Breathe Easy: Redesigning Inhalers for Asthma Patients

Friday, February 17, 2017
Exhibit Hall (Hynes Convention Center)
Gina El Nesr, Massachusetts Academy of Math and Science, Worcester, MA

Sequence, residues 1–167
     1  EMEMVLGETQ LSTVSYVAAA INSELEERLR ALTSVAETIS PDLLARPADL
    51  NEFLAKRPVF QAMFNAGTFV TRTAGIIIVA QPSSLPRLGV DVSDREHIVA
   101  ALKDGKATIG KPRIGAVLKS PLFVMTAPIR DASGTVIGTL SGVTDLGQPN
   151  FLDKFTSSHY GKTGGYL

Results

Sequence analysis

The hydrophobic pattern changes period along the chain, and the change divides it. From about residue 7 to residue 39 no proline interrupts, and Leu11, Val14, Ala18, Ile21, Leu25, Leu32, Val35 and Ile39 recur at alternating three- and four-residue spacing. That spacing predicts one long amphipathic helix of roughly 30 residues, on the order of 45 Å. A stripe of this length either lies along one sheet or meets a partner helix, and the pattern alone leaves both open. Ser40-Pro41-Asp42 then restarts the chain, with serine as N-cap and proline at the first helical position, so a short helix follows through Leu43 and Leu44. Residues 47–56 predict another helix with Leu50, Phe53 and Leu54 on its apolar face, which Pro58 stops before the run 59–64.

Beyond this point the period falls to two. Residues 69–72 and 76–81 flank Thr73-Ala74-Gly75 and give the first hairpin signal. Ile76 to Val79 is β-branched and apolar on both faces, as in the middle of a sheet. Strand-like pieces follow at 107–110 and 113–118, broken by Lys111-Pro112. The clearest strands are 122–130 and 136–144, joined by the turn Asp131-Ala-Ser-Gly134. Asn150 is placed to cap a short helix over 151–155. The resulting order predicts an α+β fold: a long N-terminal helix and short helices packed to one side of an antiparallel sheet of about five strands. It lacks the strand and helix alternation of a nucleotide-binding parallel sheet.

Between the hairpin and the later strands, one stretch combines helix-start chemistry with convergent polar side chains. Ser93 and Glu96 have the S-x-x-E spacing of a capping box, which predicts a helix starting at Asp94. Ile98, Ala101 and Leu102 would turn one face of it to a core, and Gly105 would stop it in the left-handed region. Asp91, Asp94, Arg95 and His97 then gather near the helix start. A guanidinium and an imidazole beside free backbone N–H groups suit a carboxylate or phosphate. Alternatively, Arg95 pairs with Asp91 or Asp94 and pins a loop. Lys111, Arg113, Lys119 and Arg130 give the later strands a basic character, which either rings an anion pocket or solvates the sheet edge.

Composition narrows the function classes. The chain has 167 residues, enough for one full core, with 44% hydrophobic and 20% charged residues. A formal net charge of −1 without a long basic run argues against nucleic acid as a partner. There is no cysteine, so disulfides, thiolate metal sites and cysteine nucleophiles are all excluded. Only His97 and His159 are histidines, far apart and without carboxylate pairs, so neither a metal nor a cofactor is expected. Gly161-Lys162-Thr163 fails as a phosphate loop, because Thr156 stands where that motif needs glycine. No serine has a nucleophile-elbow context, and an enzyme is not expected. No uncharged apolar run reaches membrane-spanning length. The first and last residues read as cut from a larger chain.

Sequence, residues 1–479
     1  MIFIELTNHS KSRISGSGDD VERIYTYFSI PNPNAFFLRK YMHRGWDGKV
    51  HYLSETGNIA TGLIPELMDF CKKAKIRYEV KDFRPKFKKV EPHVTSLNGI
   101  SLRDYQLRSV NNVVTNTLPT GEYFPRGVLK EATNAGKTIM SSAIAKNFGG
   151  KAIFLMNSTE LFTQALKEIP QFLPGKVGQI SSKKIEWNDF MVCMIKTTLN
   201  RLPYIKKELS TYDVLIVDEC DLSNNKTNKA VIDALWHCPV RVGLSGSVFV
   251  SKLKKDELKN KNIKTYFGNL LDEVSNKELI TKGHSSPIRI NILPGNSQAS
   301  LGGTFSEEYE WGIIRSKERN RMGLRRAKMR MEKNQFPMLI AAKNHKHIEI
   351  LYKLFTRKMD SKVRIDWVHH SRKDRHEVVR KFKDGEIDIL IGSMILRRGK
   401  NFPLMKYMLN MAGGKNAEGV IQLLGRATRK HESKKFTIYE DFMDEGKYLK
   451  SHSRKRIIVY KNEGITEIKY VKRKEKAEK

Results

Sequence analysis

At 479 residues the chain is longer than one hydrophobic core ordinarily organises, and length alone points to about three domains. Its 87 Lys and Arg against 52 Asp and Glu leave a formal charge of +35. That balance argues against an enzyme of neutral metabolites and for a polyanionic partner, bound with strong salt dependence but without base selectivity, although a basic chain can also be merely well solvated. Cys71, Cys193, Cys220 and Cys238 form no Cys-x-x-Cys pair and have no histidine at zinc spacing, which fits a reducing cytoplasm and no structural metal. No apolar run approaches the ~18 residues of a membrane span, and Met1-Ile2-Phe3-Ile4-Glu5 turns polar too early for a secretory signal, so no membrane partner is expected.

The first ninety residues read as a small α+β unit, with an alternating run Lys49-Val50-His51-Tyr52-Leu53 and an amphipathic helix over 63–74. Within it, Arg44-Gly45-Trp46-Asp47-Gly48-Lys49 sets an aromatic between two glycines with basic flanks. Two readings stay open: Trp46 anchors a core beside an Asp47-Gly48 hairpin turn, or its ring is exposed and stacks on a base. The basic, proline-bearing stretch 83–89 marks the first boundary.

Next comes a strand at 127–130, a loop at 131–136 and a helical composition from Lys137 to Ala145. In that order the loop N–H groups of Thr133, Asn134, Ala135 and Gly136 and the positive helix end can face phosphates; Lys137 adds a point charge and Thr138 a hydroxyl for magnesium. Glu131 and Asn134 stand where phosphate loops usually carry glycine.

Asthma – a chronic lung disease that temporarily inflames and narrows the oxygen-carrying airways – is a common illness that affects 235 million people worldwide. Pressurized metered-dose inhalers are the most common method of drug delivery for asthma treatments, but require synchronized actuation of the inhaler with inhalation. Studies report that up to 92% of patients misuse their inhaler. Even with proper technique, only 10-20% of their medicine enters their lungs, depositing the rest in the upper airway system. As a result, $5-7 billion are lost each year in inhaler manufacturing and medicine production. To engineer a more efficient inhaler, preliminary tests were conducted with four different commercial inhalers. Each inhaler was tested in a respiratory tract model using proper technique and improper technique and then photographed. Using photo enhancement in GIMP, their two spray angles and average deposition were calculated. Based on the results, an inhaler bottom and six unique attachments – two mouth and four base parts – were modeled in SolidWorks and then 3D printed. The same tests were conducted on the eight different possible combinations. The best-performing prototype showed 54% less deposition than the best models on the market, warranting further tests and future implementation in a clinical setting.